I’ve posted several times this summer about my frustration with my current book. I compared my writing a few weeks ago to swimming in murky water. I’ve not been able to pinpoint my problem, or to discover where the lethargy is coming from, and I’ve been trying to work it out through these posts. I thought maybe it was fear of failure. I knew it wasn’t writer’s block – I’ve been writing – it just hasn’t felt inspired lately. I even thought my method for planning might be the issue. The last few mystery books I’ve written, I have completed a scene outline for about ¾ of the book and left the ending wide open. I’ve stated before that I like to discover the murderer along with the police because it feels more authentic. However, recently, I’ve been wondering if that method is no longer working for me. It’s as if I’m feeling around in the dark for my plot.
Finally, two nights ago, sitting at the dinner table with my husband, an epiphany. Before I share my train of thought, I’ll give you some background. My husband is an investigator with the Indiana State Police. He’s not one to come home and talk shop (although I wish that were the case) but he’s an excellent resource. He’s the first person to read my finished book. I share pieces with my writing group, but Todd is my first reader of the completed first draft. I want him to see the investigation unfold from a cop’s point of view, and to point out all of the details a real cop would have caught – that a mystery writer wouldn’t have. Invariably he catches mistakes. But, until the book is completely finished I don’t share anything. It’s developed into a superstition at this point.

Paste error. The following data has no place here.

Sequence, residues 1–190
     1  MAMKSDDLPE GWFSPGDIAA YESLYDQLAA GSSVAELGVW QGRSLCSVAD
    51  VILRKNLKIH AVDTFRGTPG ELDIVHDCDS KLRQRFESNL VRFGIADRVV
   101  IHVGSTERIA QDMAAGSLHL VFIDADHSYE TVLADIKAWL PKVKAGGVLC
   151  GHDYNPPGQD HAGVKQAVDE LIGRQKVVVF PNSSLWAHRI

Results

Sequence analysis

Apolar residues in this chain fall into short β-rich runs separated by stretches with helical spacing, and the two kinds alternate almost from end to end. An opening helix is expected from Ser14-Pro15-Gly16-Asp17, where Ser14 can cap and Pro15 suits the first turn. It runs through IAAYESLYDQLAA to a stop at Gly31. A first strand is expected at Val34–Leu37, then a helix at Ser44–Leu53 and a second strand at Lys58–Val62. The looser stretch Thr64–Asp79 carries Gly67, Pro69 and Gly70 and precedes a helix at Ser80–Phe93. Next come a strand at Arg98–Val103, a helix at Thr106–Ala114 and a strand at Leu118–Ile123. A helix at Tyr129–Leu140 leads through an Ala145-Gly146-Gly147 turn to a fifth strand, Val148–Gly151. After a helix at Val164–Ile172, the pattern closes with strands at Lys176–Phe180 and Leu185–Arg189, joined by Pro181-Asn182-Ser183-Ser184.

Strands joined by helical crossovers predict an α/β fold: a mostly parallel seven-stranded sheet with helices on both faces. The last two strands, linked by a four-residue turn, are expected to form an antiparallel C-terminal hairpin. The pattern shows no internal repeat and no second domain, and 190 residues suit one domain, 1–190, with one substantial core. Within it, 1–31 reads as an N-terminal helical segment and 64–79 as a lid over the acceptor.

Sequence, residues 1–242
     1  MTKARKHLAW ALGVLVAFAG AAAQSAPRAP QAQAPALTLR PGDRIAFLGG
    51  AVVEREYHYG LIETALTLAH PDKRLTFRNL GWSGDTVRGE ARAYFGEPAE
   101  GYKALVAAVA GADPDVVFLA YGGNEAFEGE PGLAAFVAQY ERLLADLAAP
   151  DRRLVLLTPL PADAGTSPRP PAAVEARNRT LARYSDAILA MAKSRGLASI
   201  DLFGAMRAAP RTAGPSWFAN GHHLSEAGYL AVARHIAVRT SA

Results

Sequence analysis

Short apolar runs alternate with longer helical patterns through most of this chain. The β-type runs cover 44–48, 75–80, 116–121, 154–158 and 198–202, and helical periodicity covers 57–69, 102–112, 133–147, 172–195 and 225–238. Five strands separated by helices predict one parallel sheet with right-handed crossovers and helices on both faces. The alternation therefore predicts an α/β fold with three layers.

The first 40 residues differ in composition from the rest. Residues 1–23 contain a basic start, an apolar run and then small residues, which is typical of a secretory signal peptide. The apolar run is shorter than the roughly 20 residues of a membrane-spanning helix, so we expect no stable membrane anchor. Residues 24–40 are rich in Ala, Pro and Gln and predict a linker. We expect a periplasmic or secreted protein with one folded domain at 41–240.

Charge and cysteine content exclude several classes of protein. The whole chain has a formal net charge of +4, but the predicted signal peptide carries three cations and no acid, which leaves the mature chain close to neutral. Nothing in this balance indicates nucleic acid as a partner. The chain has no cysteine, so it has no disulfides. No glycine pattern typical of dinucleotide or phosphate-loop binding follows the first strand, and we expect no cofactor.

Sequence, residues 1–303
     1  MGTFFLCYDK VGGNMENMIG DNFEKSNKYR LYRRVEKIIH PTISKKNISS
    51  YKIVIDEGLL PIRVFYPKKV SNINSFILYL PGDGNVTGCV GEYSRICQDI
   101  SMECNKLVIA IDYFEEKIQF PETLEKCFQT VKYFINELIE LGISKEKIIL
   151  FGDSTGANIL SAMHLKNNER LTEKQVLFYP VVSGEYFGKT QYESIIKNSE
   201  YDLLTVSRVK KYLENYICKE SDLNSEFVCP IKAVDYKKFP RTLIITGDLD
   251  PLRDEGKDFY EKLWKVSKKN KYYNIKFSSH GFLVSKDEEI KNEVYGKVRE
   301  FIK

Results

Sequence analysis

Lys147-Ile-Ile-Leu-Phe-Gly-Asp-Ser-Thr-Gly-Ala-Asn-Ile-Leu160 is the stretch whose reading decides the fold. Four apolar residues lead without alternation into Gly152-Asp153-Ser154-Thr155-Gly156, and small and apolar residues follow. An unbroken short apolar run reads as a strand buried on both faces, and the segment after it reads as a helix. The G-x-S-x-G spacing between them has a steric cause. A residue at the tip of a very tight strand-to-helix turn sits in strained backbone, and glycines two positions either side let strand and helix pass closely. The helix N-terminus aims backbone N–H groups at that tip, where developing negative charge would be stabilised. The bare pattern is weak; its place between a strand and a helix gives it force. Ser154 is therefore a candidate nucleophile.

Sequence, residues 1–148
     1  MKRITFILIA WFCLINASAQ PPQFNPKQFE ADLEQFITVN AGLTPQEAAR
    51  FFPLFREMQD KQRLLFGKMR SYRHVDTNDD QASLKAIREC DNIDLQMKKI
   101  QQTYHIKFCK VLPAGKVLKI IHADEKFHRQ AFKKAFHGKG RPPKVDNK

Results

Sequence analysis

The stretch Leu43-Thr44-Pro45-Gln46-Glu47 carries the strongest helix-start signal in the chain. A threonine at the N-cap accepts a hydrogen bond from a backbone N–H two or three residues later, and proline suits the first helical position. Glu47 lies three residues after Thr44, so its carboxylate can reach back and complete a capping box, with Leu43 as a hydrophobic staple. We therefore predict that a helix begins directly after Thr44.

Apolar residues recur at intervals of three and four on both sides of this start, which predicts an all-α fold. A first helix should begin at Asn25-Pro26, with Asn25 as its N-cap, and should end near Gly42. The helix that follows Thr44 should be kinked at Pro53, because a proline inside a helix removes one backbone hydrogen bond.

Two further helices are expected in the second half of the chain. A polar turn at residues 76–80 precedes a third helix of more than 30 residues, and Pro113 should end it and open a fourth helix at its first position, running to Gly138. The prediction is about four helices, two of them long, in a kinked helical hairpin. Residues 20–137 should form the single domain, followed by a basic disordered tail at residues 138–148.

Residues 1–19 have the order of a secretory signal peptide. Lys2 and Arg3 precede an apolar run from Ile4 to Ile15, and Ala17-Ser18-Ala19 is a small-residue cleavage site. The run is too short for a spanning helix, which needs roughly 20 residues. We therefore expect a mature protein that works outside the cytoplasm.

A few nights ago though, I told him about a climax scene that had been in the back of my mind for some time, but I said I was afraid to write it because I wasn’t sure I had the skill to pull it off. He gave me a funny look, and basically said, what are talking about? Just write it. Don’t you revise everything anyway? Somehow, hearing my ultra-common-sense black-and-white husband approach it so simply gave me the confidence I needed. We finished dinner and I went outside for my evening walk and thought through the whole scene. I plugged in my ipod, cranked up the Cowboy Junkies to get the atmosphere in my head just right, and I thought about murder and chaos. It was bliss!
I wrote 1,000 words that night and got up the next morning at 5:30 and picked it up again. It’s why I love writing – it’s such a roller coaster. There are times when things get grim, but I know intuitively that if I keep pushing and writing my daily quota, that eventually I will work through the kinks and the writing will flow once again. The manic highs are worth it.
Granted, I haven’t written the climax scene yet, but if I can pull it off, I will cinch my belief that waiting to plan the end of the book until the rest of the book is written is the best plan of action- at least for me. Looking at the scene now it’s a bit of a slap to the head. It is such an obvious conclusion because it pulls all the narrative threads together into one last hurrah. But I would have never seen it coming when I wrote the first outline.
Now, I can’t wait to get back to the story. What a lovely feeling. I wonder how many other hobbies provide that sense of satisfaction when all the disparate pieces finally fit together so perfectly?